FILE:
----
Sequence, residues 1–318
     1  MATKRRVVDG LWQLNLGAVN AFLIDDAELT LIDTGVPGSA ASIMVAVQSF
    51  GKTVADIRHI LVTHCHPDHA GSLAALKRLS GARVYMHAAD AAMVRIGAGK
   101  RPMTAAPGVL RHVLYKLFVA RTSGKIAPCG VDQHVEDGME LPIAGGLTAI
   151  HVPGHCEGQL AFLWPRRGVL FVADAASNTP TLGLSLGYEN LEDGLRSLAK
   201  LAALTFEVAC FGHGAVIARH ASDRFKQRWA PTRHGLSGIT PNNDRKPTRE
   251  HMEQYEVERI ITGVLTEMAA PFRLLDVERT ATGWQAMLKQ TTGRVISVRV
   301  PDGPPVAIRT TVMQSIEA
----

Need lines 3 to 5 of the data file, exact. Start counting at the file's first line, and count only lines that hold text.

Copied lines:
    51  GKTVADIRHI LVTHCHPDHA GSLAALKRLS GARVYMHAAD AAMVRIGAGK
   101  RPMTAAPGVL RHVLYKLFVA RTSGKIAPCG VDQHVEDGME LPIAGGLTAI
   151  HVPGHCEGQL AFLWPRRGVL FVADAASNTP TLGLSLGYEN LEDGLRSLAK